Monday, June 27, 2011

Supreme Court says states can't easily ban violent video game sales to minors

The Supreme Court has ruled early Monday, June 27, that California cannot regulate the sale of violent video games to children or minors, saying that states may not, according to the First Amendment, “restrict the ideas to which children may be exposed”, even when there is gratuitous violence.  The AP story by Jesse J. Holland is here.

Even socially conservative Scalia pointed out that the difference between common violence in popular video games and hidden violence in children's literature and in public school curricula is based on "ideas" which government cannot regulate.  

The case is “Brown, Governor of California v. Entertainment Merchants Association”, with slip opinion link here.

Friday, June 10, 2011

Fed, state lawmakes press social networking companies harder on use by minos

COPA-like thinking is definitely back. Ceclia King has a Washington Post story Friday, “Lawmakers, advocates push social networks for more protection of youngest users”, link here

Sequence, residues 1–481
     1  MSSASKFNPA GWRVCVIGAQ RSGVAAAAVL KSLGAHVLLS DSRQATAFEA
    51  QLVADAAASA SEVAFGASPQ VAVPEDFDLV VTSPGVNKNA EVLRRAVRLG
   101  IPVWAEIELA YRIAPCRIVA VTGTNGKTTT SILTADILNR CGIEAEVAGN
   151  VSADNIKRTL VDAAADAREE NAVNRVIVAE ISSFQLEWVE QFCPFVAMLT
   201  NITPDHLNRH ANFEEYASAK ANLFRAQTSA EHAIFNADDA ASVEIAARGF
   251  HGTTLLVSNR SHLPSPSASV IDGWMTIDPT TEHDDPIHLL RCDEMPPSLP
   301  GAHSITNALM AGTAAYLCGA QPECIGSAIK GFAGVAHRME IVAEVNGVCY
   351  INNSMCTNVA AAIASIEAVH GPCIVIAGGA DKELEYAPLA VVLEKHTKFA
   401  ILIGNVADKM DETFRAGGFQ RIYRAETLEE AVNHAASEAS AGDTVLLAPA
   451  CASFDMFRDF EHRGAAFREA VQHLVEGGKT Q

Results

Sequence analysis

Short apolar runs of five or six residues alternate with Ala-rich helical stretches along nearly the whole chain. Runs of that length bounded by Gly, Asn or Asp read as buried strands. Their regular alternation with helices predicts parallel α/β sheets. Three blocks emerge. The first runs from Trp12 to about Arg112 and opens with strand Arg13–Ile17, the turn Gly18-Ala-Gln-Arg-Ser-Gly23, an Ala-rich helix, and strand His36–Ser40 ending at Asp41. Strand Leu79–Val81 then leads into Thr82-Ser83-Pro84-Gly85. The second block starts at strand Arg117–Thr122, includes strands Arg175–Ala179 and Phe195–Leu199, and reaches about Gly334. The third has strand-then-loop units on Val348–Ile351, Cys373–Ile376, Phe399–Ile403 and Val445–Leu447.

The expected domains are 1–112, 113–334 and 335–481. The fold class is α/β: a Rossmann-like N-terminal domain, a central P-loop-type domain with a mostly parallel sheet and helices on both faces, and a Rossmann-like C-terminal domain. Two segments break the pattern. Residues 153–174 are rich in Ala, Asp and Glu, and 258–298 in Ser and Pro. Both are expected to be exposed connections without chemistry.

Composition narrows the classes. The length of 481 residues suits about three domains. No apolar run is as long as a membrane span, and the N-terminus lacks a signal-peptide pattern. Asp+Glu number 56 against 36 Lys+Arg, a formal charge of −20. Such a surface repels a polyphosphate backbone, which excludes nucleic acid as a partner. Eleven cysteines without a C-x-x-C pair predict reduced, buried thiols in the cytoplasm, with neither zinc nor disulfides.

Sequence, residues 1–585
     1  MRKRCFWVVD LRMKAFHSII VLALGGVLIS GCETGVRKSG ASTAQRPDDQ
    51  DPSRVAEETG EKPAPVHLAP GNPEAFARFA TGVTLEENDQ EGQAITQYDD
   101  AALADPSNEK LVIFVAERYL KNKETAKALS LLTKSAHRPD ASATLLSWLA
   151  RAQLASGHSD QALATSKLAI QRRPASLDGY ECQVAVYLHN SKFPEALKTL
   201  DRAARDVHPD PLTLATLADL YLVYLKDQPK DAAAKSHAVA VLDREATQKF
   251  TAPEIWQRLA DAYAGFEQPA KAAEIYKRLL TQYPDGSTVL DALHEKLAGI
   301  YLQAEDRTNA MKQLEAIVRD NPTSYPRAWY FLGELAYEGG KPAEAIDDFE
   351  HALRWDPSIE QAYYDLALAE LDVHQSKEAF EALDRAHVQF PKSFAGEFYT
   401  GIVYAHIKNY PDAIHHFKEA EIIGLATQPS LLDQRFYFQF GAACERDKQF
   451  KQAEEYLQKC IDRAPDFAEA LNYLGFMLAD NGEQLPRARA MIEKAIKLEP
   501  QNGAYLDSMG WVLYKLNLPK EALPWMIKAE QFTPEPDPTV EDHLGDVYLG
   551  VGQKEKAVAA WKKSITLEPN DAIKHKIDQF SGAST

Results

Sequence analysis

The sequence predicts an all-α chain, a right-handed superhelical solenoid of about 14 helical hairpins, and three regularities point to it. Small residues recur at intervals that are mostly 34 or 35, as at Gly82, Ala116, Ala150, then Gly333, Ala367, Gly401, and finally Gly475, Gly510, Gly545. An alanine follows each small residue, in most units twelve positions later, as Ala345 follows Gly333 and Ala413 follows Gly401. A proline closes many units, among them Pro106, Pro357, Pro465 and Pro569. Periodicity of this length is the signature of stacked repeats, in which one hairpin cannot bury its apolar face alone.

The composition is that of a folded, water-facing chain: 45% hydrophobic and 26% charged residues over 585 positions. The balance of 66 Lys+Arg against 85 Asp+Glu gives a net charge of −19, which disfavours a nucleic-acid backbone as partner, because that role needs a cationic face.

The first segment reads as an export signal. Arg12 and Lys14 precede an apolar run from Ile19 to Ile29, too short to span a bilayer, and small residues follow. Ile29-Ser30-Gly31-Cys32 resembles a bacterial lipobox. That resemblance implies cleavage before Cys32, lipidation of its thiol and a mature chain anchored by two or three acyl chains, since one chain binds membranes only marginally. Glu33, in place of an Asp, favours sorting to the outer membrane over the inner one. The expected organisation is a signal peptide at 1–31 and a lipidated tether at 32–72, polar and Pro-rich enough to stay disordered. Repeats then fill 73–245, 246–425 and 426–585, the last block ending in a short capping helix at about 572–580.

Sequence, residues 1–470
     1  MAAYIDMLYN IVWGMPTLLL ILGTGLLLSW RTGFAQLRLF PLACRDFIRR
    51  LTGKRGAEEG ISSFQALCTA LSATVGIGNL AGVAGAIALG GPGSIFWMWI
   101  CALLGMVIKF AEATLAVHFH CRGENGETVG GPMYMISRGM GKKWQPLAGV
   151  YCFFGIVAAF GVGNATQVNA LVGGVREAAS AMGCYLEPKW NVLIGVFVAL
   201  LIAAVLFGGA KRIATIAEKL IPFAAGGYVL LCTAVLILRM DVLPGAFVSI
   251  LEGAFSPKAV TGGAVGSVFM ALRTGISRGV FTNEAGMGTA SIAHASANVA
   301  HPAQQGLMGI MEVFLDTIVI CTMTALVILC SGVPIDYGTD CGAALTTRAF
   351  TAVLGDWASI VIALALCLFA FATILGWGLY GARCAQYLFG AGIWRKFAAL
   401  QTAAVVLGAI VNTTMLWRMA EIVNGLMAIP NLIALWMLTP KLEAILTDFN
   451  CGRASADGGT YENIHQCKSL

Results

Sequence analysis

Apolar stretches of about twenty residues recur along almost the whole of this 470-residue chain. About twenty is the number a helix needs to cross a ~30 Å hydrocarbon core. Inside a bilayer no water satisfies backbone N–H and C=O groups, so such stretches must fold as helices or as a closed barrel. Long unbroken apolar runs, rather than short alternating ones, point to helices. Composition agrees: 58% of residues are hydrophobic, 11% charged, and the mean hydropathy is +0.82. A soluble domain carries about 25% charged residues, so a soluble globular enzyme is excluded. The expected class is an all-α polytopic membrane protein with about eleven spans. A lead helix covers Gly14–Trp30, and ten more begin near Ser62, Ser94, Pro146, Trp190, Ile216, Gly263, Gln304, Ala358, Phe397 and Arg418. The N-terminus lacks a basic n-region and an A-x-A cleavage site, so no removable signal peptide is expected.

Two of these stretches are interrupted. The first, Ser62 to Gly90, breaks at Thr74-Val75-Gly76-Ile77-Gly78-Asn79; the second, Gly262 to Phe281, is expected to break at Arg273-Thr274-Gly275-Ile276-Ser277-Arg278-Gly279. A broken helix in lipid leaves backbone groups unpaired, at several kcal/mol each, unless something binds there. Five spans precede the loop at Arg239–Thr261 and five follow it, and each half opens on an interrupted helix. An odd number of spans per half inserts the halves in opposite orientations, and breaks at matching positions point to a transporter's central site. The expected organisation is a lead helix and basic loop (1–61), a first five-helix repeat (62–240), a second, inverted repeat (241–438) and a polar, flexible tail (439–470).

Even though Facebook’s policy says that minimum age for use is 13, there are about 7.5 million users under 13, and Facebook, as well as other companies, say there is little that can be done to screen them out reliably without severely affecting adults.  And, as we saw with the COPA litigation, many parents are, in practice, unable to supervise what their kids do on the web, although many technologies have been presented on this blog that could help them do so.  One place this debate could go is the existential one: how much “currency” should people have before “choosing” to have kids in the first place?  That takes us back to “demographic winter” territory.

California now considers a state law that gives parents the right to demand that social networking sites delete kids’ personal information (sounds reasonable).

Markey (D-MA) and Barton (R-TX), in may, had proposed a variation of “do not track” for youth, which would sound hard to implement in a way separate from adults, where browser vendors (at least Microsoft IE and Firefox) are rushing to enrich anti-tracking options for everyone. In fact, Microsoft has been pushing complicated automatic updates to Windows Vista and 7 customers to get them on to IE9, partly to answer the political concerns over tracking.